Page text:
Andrew and Judy were closest to knowing what is best for their school, their students and their community. The courage and care in their professional ways of being, meant they were unable to serve and speak the required corporate discourse. Caring, for them, meant resistance to the narrowing of public education. Their journey of courage and care to attend to student and community needs within a risk averse public education system, is clearly on show in their exchanges with ED disciplinary command and control management decrees. However, they still they carried on, being true to themselves, young people, and the community they served. The pressure to be a “good” departmental citizen meant reduced time to respond to the students and the community which led to an ontological tension in their professional lives, between service to students and serving the official knowledge and requirements of the bureaucracy (Dolan, 2020b).
Feelings are of “fundamental importance in teaching and to teachers” (Nias, 1996, p. 293) and of course equally so for school principals. School leaders and teachers experience a vast array of feelings throughout their careers (Hargreaves, 2005) and in their daily practices. Moreover, according to Nias (1996), when teachers invest their selves in their profession, their feelings and professional identities can become merged with each other. This was the case for Andrew and Judy; their in-school identities of caring, creative and courageous leadership defined them as people both in school and out. Authentic school leaders don’t let go of who they are at work when they leave work—it is always there. This was clear in Andrew and Judy's conversations and this is why, when their efforts to develop a better place for students to be and learn became lived as daily tensions, they perceived no choice for but to leave and start again.
Andrew and Judy embodied and enacted the courage to care (Maister, 1999) and held to this deeply moral way of being throughout their contestations with the Education Department, where they found themselves caught in an ontological state of paradox, told to work “with the grain” of official policy but compelled because of who they were and the ethics of their being, to “work against the grain,” when they discerned policy was not in the best interests of their students or community. They felt this tension deeply and of course they left.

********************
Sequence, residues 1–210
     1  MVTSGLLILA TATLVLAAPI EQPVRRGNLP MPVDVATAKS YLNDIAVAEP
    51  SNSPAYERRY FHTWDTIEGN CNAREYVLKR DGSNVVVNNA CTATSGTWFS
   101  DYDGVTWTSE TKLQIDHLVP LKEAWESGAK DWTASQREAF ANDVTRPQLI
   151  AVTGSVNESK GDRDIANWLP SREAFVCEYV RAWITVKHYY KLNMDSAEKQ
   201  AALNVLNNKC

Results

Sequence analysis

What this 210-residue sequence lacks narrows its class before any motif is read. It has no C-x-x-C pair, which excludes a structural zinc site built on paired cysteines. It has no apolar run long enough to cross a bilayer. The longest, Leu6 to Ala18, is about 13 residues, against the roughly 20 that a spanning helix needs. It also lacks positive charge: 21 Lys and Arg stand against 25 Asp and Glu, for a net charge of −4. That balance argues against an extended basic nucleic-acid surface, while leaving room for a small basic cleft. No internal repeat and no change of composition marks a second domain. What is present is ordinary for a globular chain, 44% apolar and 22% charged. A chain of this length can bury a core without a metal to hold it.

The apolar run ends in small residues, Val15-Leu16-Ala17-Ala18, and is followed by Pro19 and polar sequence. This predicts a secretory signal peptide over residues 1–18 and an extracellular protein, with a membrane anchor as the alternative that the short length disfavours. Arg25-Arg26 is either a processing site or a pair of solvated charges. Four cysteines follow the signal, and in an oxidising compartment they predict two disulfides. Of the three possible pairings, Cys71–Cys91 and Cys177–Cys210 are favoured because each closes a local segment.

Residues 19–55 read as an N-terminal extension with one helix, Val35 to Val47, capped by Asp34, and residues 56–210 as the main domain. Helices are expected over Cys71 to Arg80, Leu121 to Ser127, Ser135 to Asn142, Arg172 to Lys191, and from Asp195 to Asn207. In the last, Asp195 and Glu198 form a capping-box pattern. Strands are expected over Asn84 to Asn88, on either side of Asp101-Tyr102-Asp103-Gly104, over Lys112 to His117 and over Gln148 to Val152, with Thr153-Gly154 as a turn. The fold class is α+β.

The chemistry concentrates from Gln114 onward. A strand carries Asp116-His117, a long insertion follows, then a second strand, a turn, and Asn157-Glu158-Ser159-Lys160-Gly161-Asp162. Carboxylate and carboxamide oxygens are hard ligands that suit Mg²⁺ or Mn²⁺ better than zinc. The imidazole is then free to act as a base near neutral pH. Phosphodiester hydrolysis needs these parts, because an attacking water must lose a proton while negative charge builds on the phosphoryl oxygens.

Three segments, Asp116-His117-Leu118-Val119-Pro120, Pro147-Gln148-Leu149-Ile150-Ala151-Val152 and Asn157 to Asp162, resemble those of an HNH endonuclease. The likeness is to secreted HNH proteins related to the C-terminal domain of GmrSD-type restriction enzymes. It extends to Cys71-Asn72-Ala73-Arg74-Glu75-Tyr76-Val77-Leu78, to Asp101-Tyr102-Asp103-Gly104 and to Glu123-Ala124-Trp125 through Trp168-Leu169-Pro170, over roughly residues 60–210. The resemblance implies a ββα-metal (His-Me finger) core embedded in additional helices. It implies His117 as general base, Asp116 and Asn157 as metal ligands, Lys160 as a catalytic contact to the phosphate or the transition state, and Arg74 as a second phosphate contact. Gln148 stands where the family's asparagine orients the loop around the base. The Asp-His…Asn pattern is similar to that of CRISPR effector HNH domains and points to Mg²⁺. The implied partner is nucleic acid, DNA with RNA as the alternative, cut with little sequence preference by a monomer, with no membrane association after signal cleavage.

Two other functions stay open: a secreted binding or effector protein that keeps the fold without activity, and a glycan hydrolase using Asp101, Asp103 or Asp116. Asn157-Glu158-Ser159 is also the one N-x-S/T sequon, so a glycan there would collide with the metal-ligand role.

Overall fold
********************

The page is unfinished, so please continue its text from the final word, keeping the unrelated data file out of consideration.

Both found a way to address this paradox by courageously taking their public-school aspirations into another sector. They have been lost to the Public Education system as have the families who have enrolled their children in Ngutu. The creativity of these children won’t inform other public schools in the system on how to live socially just and sustainable lives. Alongside Andrew and Judy's decision to leave public to do public education, significant changes are presenting across Australia's schooling ecosystem. In the last seven years, other independent small schools have grown in number since former Prime Minister Malcolm Turnbull's Liberal National Coalition Government ratified the introduction of the Gonski 2.0 SRS in 2013 along with the introduction of Special Assistance Funding in 2015. Special Assistance Schools cater for students with behavioural or mental health issues and receive the full SRS funding amount
Special Assistance Schools cater for students with behavioural or mental health issues and receive the full SRS funding amount
Two and a half years after leaving the Education Department, Andrew's independent school (Ngutu), has grown from 90 students in 2021 to 170 in 2022. Judy is now working with schools and parents to develop creative nature play and recently held a formal community event for her proposed nature school, which opens its doors to young people in 2023. During this time, public school principals have witnessed the steady erosion of the characteristics of public education, namely; equity, diversity and inclusion. For many, like Andrew and Judy, this erosion has meant they are working in a system and a “state” of paradox (Dolan, 2020b),
Andrew and Judy's story of leaving public schooling for new work in the independent sector echoes a changing educational landscape underway in Australia. Given that all schools in Australia now receive substantial government funding, traditionally the domain of the public schooling sector, their independent status offers more opportunity to meet the needs of their students free from the shackles of compliance to a single ideology. What presents is a new way to honour the social justice characteristics of public education by creating new schooling entities in the non-government sectors.